• US Renters Migrate Toward Feeder Cities

    Key takeaways:

    • Irving and Lewisville in the Dallas-Fort Worth Metroplex were the nation’s top cities at luring in renters in 2021, as a percentage of population
    • Millennials are the generation most on the move across the US, including 72% of the renters swapping New York City for Jersey City
    • Moving to a smaller city can get renters considerably more living space — New Yorkers gain 33% more home when relocating to Orlando, FL, and 18% more when moving to Irving, TX
    • Former ‘flyover country’ is becoming sought after — South Dakota and North Dakota are among the states seeing double the number of incoming compared to outgoing renters

    Americans were on the move last year, adapting to changing job opportunities, expanding household sizes and pandemic restrictions. And, according to our most recent research of US migration patterns, renter interest grew stronger, with a 10% increase in renter applications in 2021 versus 2020. Some big urban hubs still attracted large renter cohorts, but smaller cities nearby stole the limelight as preferred destinations for apartment hunters.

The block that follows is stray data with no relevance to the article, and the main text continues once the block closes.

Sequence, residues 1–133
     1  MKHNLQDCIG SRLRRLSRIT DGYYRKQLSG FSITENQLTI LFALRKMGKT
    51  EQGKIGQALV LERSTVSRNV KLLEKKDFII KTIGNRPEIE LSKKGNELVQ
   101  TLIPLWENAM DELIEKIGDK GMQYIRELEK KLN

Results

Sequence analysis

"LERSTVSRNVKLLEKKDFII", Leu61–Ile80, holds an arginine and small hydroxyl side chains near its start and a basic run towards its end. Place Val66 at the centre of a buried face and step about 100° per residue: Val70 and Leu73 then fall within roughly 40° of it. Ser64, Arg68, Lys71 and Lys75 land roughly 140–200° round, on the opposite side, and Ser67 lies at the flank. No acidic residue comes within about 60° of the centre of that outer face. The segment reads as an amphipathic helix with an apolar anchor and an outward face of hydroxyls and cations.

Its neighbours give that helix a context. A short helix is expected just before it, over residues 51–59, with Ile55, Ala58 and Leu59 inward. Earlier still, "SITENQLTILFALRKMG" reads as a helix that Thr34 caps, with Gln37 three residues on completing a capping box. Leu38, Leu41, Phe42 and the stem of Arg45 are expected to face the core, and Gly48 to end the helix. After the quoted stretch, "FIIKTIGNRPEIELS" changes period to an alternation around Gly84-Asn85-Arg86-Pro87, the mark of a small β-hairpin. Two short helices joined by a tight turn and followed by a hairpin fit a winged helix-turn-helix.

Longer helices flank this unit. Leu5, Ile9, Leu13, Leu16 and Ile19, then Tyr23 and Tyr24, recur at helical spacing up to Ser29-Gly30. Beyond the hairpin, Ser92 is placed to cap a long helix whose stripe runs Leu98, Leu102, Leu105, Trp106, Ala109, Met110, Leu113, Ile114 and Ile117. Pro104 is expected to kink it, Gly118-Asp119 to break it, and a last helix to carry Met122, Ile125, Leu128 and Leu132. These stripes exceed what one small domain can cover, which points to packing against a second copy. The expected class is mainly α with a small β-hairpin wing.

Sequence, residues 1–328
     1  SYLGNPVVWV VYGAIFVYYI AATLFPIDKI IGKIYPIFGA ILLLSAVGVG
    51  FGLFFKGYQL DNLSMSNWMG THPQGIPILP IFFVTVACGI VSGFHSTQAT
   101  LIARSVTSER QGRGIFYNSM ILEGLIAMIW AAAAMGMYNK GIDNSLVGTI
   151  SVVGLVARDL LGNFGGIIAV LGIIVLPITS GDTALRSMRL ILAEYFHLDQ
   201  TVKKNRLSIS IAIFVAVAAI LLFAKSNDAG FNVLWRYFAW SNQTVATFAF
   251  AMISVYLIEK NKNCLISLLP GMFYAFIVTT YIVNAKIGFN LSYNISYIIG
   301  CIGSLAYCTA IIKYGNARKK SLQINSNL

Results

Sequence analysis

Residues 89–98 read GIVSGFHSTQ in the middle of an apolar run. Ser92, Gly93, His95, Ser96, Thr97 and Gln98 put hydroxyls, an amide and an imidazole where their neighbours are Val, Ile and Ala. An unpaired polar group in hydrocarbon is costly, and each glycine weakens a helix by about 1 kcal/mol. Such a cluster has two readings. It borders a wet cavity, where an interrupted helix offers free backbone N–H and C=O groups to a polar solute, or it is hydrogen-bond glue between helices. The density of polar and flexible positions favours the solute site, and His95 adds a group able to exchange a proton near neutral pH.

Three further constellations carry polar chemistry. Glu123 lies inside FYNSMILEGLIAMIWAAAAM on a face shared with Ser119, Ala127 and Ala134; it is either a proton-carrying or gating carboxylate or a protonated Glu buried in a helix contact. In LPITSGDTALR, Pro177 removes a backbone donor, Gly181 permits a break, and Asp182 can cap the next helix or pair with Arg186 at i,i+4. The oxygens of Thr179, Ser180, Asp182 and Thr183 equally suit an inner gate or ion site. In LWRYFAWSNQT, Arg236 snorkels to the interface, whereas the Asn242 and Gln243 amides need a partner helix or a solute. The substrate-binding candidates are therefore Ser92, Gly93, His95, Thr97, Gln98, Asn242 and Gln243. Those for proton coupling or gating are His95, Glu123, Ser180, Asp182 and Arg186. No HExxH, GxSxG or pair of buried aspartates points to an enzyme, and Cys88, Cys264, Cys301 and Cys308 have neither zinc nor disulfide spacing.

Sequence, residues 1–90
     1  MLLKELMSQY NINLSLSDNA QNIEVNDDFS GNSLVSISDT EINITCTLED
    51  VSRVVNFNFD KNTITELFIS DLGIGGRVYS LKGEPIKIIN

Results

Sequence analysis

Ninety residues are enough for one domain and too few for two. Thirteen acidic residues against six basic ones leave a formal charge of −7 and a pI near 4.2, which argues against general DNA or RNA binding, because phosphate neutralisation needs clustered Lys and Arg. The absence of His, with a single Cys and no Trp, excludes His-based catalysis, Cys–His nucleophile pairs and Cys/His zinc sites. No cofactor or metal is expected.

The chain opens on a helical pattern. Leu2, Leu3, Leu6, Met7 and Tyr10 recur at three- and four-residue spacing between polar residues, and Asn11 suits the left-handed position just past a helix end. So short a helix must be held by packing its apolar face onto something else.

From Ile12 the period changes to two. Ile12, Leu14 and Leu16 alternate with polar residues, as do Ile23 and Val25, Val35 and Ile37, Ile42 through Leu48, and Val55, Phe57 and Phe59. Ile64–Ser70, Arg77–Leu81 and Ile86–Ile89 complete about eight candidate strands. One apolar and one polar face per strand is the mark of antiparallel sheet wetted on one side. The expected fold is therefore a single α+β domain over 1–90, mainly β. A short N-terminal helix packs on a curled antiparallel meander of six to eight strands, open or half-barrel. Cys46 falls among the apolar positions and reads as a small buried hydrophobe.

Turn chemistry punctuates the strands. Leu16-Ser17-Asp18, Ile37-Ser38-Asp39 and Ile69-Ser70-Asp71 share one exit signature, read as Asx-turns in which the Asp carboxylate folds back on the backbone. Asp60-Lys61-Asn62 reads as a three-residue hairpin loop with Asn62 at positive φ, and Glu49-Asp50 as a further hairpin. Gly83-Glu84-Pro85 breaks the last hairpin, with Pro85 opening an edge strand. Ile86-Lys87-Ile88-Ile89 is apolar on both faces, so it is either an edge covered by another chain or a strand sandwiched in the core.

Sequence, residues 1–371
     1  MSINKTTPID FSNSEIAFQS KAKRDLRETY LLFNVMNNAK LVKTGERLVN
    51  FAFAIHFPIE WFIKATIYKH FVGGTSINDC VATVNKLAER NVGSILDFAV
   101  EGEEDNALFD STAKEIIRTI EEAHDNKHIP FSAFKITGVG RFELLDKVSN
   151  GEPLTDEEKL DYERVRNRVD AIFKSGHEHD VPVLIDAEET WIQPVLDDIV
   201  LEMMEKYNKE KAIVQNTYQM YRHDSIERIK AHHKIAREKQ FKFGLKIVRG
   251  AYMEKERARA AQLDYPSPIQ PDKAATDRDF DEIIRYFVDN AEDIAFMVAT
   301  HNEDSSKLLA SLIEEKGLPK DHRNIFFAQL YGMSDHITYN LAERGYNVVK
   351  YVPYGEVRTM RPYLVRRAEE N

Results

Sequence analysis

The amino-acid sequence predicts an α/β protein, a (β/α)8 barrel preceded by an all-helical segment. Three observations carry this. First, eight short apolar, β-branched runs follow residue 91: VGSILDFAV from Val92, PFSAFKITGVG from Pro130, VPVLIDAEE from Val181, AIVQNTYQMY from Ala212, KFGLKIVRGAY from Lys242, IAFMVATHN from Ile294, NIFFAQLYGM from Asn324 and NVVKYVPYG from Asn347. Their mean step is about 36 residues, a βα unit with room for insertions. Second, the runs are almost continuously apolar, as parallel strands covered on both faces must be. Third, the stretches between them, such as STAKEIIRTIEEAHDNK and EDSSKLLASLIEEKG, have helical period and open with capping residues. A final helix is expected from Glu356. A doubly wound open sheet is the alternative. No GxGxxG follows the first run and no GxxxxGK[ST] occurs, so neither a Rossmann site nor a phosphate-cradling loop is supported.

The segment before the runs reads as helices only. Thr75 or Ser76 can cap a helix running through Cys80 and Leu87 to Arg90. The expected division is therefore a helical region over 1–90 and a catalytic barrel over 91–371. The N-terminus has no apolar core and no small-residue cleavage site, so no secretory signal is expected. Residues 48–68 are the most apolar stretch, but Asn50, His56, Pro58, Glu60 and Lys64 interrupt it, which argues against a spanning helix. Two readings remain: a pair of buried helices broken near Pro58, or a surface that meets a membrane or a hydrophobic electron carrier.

As renting and self storage often go hand in hand, we were interested to see which are today’s renter havens, the cities that both attract and retain renter populations. To this end, the analysts at StorageCafe looked into 3.4M rental applications from RentGrow from 2021, illustrating renter interest across 257 markets with populations of over 100,000. We determined preferred migration destinations based on their applications, and we determined each destination city’s relative ranking for net renter migration — inbound minus outbound — as a proportion of its population. To get a further impression of a city’s popularity, we also looked at how many times its inbound migration was larger than its outbound. In addition, we examined demographics and changes in median income and average home size square footage that result from the moves.

    Texas, and the Dallas–Fort Worth Metroplex in particular, strongly attracted incoming renters, just as they have been drawing in developers of storage and pretty much every other type of real estate. Communities a few miles out from the centers of metropolitan areas — and acting as ‘feeder’ cities, as their residents often commute — experienced some of the highest influxes of renters in relation to their population numbers.

    To read more: https://www.storagecafe.com/blog/us-renters-migrate-toward-feeder-cities-with-dallas-suburbs-biggest-renter-magnets/